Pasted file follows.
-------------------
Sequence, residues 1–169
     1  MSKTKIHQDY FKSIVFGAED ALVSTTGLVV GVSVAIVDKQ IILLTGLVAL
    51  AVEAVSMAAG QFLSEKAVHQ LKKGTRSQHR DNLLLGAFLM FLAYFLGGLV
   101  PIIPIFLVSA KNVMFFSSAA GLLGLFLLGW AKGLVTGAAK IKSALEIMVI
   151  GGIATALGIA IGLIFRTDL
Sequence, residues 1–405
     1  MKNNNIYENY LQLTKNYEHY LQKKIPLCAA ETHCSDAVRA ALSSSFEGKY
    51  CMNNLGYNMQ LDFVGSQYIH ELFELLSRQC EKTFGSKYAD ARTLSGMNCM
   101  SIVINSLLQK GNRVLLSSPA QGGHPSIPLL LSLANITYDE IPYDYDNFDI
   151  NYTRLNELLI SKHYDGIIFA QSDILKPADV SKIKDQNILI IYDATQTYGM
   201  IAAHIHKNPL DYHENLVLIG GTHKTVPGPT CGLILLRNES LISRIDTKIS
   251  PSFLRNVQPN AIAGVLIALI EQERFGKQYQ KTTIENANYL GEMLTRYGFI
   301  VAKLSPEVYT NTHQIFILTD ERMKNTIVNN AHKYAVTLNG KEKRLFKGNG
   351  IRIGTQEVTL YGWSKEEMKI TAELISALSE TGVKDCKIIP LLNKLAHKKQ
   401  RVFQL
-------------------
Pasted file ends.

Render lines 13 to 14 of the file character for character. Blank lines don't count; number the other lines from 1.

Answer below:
   301  VAKLSPEVYT NTHQIFILTD ERMKNTIVNN AHKYAVTLNG KEKRLFKGNG
   351  IRIGTQEVTL YGWSKEEMKI TAELISALSE TGVKDCKIIP LLNKLAHKKQ